HFMA Feature Story: Why Health Systems Need a Strong Real Estate Compliance Program
The consequences of noncompliance can be significant, particularly when it comes to real estate arrangements with referring physicians.
Health systems that make compliance an integral part of their corporate cultures and invest resources to establish and operate effective compliance programs are much more likely to succeed than those that fail to view compliance as an organizational responsibility.
Real estate lease arrangements between health systems and physicians are worth a thorough review because they represent an often-overlooked aspect of healthcare compliance, and noncompliance in this area often costs health systems big. In fact, a recent study found that the cost of settlement of a potential violation involving a real estate arrangement was 66% higher than the average settlement that did not involve a real estate arrangement.
Because real estate lease arrangements with referral sources pose regulatory risks for health systems and tend to increase the average settlement amount to be paid, health systems should create healthcare real estate compliance programs as subsets of their broader compliance programs.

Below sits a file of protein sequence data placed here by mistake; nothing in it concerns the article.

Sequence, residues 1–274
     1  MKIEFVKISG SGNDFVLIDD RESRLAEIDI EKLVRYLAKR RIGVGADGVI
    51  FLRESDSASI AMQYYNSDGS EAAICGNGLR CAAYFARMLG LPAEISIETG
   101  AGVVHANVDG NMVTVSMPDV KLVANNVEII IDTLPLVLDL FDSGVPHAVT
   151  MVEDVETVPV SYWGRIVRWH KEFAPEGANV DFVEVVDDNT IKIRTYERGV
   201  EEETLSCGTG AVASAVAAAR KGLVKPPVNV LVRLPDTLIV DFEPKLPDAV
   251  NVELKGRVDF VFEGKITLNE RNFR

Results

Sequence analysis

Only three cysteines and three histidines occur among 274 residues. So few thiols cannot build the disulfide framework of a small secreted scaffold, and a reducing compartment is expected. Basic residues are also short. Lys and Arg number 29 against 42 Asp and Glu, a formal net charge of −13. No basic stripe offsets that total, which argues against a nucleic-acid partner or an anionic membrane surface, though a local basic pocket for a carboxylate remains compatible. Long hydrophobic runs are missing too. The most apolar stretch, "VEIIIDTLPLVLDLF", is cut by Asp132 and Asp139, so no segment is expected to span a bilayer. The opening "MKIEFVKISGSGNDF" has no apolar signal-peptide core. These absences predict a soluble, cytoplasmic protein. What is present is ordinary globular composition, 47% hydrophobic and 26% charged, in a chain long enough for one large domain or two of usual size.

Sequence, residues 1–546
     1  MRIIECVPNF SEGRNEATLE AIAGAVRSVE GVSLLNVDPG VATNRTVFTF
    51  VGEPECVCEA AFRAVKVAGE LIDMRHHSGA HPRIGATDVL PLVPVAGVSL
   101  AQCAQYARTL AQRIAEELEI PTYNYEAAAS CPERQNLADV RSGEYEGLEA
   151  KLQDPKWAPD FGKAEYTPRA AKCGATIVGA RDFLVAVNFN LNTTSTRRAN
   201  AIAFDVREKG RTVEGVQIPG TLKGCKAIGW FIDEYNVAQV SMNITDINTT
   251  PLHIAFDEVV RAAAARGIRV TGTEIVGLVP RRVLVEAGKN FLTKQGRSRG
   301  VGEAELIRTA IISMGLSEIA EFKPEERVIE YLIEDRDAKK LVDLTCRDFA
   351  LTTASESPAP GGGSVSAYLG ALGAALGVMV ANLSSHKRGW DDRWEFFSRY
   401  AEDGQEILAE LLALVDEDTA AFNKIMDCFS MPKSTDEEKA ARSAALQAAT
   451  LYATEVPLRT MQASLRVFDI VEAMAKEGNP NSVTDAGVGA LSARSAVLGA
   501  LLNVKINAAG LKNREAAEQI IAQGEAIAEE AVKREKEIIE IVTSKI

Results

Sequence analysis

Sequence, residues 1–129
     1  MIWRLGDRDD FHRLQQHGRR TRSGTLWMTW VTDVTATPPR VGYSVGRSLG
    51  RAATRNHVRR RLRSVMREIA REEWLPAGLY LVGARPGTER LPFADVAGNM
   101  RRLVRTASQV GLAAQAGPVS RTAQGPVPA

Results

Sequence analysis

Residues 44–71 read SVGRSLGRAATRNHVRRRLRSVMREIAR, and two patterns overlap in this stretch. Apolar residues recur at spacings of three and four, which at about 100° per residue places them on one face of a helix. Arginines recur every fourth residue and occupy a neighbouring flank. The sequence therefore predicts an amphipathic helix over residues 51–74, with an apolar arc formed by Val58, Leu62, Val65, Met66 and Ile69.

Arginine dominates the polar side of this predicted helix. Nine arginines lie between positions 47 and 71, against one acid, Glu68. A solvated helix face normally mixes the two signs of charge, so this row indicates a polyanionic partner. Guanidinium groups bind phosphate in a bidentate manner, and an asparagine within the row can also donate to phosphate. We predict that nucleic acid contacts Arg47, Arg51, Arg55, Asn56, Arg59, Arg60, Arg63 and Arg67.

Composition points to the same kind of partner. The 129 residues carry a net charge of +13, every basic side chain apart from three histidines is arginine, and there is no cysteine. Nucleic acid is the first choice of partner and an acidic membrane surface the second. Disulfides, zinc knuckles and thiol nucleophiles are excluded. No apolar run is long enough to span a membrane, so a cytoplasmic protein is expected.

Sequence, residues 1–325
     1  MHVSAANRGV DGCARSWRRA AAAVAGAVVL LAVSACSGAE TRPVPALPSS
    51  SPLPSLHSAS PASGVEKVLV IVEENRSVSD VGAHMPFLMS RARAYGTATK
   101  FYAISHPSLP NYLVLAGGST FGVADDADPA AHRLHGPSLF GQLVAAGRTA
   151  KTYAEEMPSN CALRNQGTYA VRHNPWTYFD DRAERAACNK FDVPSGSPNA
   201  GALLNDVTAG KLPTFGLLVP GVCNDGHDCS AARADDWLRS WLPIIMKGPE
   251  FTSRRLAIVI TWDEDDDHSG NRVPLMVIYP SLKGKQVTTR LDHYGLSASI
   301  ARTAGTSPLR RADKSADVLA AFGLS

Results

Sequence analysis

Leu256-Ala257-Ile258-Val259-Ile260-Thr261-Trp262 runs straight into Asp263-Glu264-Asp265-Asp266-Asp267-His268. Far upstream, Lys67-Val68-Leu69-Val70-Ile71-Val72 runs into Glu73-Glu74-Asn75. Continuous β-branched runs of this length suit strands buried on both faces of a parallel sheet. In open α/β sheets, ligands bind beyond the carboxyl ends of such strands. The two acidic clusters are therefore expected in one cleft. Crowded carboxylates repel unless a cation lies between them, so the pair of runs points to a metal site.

Compliance risks caused by real estate lease arrangements with referral source
Real estate lease arrangements between health systems and physicians can produce financial benefits for both physicians and health systems at the expense of federal healthcare funds. For example, a physician could receive a financial benefit by paying less for medical office space than the market would otherwise dictate. The premise is that in exchange for providing a physician with medical office space at rates below fair market value (FMV), a hospital could potentially recoup the money it is losing on that lease arrangement by relying on subsequent revenue from that physician’s downstream patient referrals for services that will ultimately be paid for by Medicare. Payment for patient referrals is strictly prohibited by the applicable statutes and regulations and can serve as a predicate for whistle-blower healthcare fraud lawsuits against health systems.